HOBBIT Subtitles Gets Shuffled, Third Film Gets 2014 Release Date

Get set J. R. R. Tolkien fans, because in a little less than two year’s time, you’ll have gotten all three films in Peter Jackson’s adaptation of the author’s classic fantasy novel The Hobbit.

The recently announced third film of Jackson’s opus has been given a worldwide release date of July 18, 2014. It has also been given the subtitle There And Back Again, initially the subtitle for the second film before Jackson and company decided to expand the film adaptation by an additional 50%.

The second Hobbit film, previously scheduled for December 13, 2013, will now sport the subtitle The Desolation of Smaug, a reference to the dragon that guards a great dwarvish treasure that is the goal of the quest that the titular character is coerced into going on.

The first film, The Hobbit: An Unexpected Journey, opens this December 14.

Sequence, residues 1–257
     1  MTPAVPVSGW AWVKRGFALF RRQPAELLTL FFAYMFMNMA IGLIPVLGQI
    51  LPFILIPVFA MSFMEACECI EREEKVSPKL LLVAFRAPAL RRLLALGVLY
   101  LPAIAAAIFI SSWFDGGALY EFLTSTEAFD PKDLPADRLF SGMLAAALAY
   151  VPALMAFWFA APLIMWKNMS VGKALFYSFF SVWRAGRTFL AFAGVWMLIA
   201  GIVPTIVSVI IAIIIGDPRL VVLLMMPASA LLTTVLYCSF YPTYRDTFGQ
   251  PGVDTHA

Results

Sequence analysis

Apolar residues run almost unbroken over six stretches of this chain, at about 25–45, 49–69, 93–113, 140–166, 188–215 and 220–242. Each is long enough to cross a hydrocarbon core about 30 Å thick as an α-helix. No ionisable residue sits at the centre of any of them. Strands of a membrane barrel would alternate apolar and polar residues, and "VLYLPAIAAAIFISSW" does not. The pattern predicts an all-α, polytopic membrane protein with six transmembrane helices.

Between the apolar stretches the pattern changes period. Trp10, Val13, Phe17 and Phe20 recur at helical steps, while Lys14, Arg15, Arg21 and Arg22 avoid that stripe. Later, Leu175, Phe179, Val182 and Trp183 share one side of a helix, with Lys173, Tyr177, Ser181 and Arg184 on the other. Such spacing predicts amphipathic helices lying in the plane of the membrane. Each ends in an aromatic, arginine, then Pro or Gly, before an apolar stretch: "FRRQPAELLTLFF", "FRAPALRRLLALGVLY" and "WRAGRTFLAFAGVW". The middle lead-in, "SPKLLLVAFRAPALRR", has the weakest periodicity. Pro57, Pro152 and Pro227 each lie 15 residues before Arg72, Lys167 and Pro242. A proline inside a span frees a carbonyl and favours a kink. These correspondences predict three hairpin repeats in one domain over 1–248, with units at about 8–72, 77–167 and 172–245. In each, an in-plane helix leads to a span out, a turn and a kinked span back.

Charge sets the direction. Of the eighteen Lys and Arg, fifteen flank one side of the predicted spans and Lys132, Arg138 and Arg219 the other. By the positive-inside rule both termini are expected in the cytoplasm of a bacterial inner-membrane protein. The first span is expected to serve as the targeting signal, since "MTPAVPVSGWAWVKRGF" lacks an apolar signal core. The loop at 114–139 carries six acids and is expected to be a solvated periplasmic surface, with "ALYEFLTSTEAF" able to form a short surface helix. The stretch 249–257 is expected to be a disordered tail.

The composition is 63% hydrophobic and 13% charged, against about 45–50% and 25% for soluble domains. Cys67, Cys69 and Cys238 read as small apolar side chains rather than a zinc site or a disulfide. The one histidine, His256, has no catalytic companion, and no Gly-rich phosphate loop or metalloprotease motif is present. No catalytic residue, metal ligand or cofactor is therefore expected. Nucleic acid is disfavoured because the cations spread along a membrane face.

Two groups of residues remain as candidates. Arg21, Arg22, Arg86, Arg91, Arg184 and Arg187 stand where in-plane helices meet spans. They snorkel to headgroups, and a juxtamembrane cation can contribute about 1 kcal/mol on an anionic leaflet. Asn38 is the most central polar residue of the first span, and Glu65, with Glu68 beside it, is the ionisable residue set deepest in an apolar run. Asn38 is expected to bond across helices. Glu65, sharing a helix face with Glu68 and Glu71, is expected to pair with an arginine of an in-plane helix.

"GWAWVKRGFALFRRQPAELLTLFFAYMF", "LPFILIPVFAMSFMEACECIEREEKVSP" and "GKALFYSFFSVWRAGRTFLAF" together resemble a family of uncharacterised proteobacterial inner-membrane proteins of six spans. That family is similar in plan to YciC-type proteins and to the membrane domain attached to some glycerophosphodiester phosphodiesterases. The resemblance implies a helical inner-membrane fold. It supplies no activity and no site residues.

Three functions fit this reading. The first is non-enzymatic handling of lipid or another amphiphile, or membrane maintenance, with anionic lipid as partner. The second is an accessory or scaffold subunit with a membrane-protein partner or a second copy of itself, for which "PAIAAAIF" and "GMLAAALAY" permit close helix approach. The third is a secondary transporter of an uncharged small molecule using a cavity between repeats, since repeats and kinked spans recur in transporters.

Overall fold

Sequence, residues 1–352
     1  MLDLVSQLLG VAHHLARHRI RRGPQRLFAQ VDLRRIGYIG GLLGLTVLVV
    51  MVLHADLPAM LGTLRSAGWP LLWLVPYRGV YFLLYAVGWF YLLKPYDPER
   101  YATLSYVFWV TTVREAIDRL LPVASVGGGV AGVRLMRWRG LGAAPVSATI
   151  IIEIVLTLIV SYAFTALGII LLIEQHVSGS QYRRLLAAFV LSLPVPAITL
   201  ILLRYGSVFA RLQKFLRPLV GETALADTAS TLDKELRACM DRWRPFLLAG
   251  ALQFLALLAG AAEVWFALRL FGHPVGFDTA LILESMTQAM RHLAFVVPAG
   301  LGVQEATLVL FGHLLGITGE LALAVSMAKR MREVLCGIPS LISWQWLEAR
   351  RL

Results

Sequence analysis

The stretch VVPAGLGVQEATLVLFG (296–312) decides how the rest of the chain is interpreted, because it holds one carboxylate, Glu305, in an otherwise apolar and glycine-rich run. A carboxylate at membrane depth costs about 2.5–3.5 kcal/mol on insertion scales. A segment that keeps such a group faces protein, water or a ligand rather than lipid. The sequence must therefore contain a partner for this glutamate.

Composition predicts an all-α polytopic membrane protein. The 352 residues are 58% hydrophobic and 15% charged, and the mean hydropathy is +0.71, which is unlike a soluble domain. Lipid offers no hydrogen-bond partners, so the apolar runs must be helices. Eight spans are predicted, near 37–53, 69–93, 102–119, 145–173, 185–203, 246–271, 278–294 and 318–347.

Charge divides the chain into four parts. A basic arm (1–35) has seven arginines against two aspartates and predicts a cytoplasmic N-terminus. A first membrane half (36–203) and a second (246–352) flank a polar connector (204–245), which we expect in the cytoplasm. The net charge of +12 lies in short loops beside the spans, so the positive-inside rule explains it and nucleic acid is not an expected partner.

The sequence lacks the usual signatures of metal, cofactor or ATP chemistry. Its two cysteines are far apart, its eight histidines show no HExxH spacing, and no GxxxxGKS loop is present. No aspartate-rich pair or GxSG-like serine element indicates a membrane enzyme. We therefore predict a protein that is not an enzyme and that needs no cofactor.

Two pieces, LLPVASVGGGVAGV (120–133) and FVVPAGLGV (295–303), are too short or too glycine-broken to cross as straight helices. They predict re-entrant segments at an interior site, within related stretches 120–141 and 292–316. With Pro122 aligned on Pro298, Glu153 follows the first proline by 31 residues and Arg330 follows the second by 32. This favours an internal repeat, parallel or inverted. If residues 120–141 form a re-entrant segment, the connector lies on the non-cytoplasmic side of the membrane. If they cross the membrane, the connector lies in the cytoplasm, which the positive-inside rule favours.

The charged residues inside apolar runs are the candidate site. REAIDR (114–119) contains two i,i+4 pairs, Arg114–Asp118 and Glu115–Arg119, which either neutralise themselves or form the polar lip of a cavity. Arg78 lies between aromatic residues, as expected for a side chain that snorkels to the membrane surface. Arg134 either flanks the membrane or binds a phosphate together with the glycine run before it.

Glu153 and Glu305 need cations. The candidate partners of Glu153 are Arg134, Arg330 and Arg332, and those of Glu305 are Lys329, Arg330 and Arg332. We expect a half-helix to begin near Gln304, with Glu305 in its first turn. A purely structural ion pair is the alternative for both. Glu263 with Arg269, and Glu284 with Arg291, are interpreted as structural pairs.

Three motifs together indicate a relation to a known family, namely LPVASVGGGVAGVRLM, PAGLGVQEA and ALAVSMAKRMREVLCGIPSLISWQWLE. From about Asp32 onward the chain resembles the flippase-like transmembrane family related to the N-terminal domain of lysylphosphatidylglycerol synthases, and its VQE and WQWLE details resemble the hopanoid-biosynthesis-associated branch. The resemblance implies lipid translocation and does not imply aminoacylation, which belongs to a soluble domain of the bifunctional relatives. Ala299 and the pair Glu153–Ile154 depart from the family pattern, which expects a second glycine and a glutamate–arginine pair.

In a press release Dan Fellman, President of Domestic Distribution, Warner Bros. Pictures, stated, “We wanted to have a shorter gap between the second and third films of ‘The Hobbit’ Trilogy. Opening in July affords us not only the perfect summer tentpole, but fans will have less time to wait for the finale of this epic adventure.”

If you haven’t read the original book, turn away now.

With this announcement we have a much better look at how Jackson is intending to break the book into three films. As had been the assumption all along, it appears that the first film will cover all the action up to Bilbo Baggins (Martin Freeman) and the company of dwarves escape the wood elves and arrive at at Laketown. The second film’s title now suggests that the second book will pretty much cover the encounter with the dragon Smaug and his eventual fate at the hands of Bard of Laketown, leaving the fallout from the dragon’s death, the Battle of the Five Armies, for the third film.

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About Rich Drees 6964 Articles
A film fan since he first saw that Rebel Blockade Runner fleeing the massive Imperial Star Destroyer at the tender age of 8 and a veteran freelance journalist with twenty years experience writing about film and pop culture. He is a member of the Philadelphia Film Critics Circle.
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